Vasudev JBL Paper

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  • 8/14/2019 Vasudev JBL Paper


    Credit Derivatives and RiskManagement: CorporateGovernance in theSarbanes-Oxley World

    P.M. Vasudev*

    [Keywords to Follow]

    Yet, ultimately, the ethics of American business depend on the conscience ofAmericas business leaders. We need men and women of character who knowthe difference between ambition and destructive greed, between justified riskand irresponsibility, between enterprise and fraud.

    George W. Bush (2002)1


    Credit derivatives were at the centre of the recent meltdowns in the investmentbanking and insurance sectors. This article analyses credit derivatives and theirrisks from the perspective of corporate governance. It discusses the gaps in thepresent structure of governance particularly, board involvement in monitoringbusiness and risk, and the scope of independent audit. The article proposesregulatory prescription of minimum board responsibilities and independentrisk assessment by experts.

    Contemporary corporate governance is based on the principle of multi-layeroversight by agencies, both internal and external. Typically, the different levels ofoversight in a public corporation would be: (1) senior management headed by thechief executive officer (CEO); (2) board committees; (3) board of directors; and(4) independent audit firm in that order. Recent events at major corporations inthe financial sector raise questions about the efficacy of this governance structure

    in understanding, assessing and managing the risk in credit derivatives.The article begins with an exposition of the characteristics of major creditderivatives collateralised debt obligations and credit default swaps. This is

    * Senior Lecturer,Department of Commercial Law,University of Auckland,New Zealand.1 Speech delivered in New York on July 9, 2002, available at http://custom.marketwatch.

    com/custom/earthlink-net/mw-news.asp?guid=78BC1B28-6171-4DD8-B7D7-0C10F6577E88 [Accessed March 10, 2009].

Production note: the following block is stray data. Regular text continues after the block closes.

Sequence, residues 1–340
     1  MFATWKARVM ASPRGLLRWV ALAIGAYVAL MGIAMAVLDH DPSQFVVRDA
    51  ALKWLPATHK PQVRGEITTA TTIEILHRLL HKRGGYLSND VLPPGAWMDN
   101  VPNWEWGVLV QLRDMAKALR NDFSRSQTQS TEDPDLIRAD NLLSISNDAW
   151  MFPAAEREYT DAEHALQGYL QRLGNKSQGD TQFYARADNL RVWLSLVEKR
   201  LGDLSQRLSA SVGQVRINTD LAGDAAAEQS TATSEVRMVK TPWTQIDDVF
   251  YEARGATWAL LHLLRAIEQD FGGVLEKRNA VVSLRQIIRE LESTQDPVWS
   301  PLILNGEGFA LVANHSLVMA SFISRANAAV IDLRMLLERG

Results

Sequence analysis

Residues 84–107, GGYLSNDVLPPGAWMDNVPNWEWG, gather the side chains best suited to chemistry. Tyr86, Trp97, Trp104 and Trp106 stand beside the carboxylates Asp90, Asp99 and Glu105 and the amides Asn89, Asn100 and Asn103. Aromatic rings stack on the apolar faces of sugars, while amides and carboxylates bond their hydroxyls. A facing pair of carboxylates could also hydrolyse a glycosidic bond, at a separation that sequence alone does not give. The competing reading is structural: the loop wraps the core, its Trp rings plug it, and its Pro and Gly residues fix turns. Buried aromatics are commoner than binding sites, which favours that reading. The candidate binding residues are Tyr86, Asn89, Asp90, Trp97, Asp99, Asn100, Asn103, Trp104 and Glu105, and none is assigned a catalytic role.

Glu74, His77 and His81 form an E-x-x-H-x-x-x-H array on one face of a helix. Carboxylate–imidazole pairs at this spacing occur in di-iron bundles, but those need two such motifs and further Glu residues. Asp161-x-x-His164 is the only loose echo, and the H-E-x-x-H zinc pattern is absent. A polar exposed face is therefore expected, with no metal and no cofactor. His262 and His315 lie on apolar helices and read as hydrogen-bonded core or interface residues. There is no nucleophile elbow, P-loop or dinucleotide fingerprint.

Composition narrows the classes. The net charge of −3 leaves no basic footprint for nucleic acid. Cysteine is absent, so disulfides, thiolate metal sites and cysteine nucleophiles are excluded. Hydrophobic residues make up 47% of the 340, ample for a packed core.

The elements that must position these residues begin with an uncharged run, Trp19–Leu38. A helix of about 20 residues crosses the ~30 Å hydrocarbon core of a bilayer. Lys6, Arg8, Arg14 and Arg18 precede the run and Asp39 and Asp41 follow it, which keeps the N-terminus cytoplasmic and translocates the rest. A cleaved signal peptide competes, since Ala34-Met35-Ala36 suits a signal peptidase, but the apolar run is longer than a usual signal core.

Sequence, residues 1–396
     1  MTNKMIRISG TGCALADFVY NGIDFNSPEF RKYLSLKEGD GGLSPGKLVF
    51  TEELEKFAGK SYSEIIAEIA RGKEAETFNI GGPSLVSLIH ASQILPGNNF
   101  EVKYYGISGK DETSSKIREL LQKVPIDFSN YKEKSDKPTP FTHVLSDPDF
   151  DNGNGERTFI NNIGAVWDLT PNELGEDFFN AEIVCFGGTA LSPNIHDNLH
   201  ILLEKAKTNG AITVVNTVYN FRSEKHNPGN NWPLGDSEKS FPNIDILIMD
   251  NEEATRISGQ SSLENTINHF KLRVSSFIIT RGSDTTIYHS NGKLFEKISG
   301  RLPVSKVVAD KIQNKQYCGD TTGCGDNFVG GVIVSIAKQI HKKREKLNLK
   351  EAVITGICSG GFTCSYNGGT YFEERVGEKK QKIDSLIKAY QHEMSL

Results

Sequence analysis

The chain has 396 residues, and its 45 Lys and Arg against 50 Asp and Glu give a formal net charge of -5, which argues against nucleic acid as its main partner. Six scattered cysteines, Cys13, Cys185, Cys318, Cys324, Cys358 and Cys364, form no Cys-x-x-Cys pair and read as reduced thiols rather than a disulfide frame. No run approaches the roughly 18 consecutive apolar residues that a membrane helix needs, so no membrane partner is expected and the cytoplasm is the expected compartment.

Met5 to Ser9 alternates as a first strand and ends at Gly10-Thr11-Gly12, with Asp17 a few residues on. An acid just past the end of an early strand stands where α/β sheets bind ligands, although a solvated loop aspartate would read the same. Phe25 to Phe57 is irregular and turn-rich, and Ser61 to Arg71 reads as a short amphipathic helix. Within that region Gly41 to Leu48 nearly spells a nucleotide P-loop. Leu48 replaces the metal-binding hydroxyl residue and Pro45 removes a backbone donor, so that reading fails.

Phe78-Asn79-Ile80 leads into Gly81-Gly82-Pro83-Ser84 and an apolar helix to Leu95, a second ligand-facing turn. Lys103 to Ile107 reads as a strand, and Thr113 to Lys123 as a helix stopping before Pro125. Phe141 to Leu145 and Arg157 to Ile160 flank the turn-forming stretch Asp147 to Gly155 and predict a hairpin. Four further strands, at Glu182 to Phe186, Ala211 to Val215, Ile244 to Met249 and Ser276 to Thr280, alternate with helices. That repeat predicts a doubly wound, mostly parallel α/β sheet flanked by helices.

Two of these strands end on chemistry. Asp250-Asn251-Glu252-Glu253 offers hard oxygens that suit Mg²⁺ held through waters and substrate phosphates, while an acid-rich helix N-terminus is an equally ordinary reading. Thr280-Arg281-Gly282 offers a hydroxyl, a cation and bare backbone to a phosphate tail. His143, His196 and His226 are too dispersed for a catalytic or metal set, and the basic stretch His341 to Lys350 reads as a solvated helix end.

• 8/14/2019 Vasudev JBL Paper


    P.M. Vasudev

    followed by an outline of how a new line of business, such as credit derivatives,wouldbe typically handled in the contemporary structureof corporate governance,which is based on the principle of disclosures and oversight. The article pointsout the ambiguities and gaps in the governance structure and explains how theyundermine corporate responsibility. The systemic weaknesses discussed in thearticle are quite evident from the failures on Wall Street and in the banking sectorin the recent months.

    The article treats good governance as an endogenous feature in corporations,rather than a product of the legal regime and the threat of sanction that is implicitin public regulation. This standard is consistent with: (1) the open structure ofcorporate law and its minimally intrusive character; and (2) the idea that the

    governance must be more a concern of the corporations, than regulation.2

    It is significant that the meltdowns have happened in the Sarbanes-Oxleyworld in which corporate governance is accepted, by and large, as a concernof public policy. The Sarbanes-Oxley Act of 20023 (SOX) has been presented ashaving a focus on corporate responsibility,4 and George Bush made the statements,extractedabove,while commendingthe Sarbanes-Oxley legislationin the aftermathof the corporate scandals that surfaced in 2001.

    The article makes a case for an alternative paradigm of corporate governancethat is based on responsibility, in addition to the current principle of oversight.The new paradigm would not interfere with business freedom. At the same time,it can promote responsible governance practices that are more responsible, paysufficient attention to risk and offer better protection against hazards. Specifically,the article proposes listing minimum board responsibilities, which would bemandatory functions of the boards of public companies. A second proposal is for

    mandatory risk assessment procedure in public companies, and consideration ofthe risk report by the board of directors as a part of their minimum responsibilities.

    Credit derivatives

    Credit derivatives were the major contributor to the crisis in the financial sector.This part provides an overview of two major credit derivatives, collateralised debtobligations and credit default swaps.5 The discussion explains the risk in theseinstruments and the implications for corporate governance.

    2 See, e.g. E. Norman Veasey, Should Corporate Law Inform Aspirations for GoodCorporate Governance Practices or Vice-Versa? (2001) 149 University of PennsylvaniaLaw Review 2179.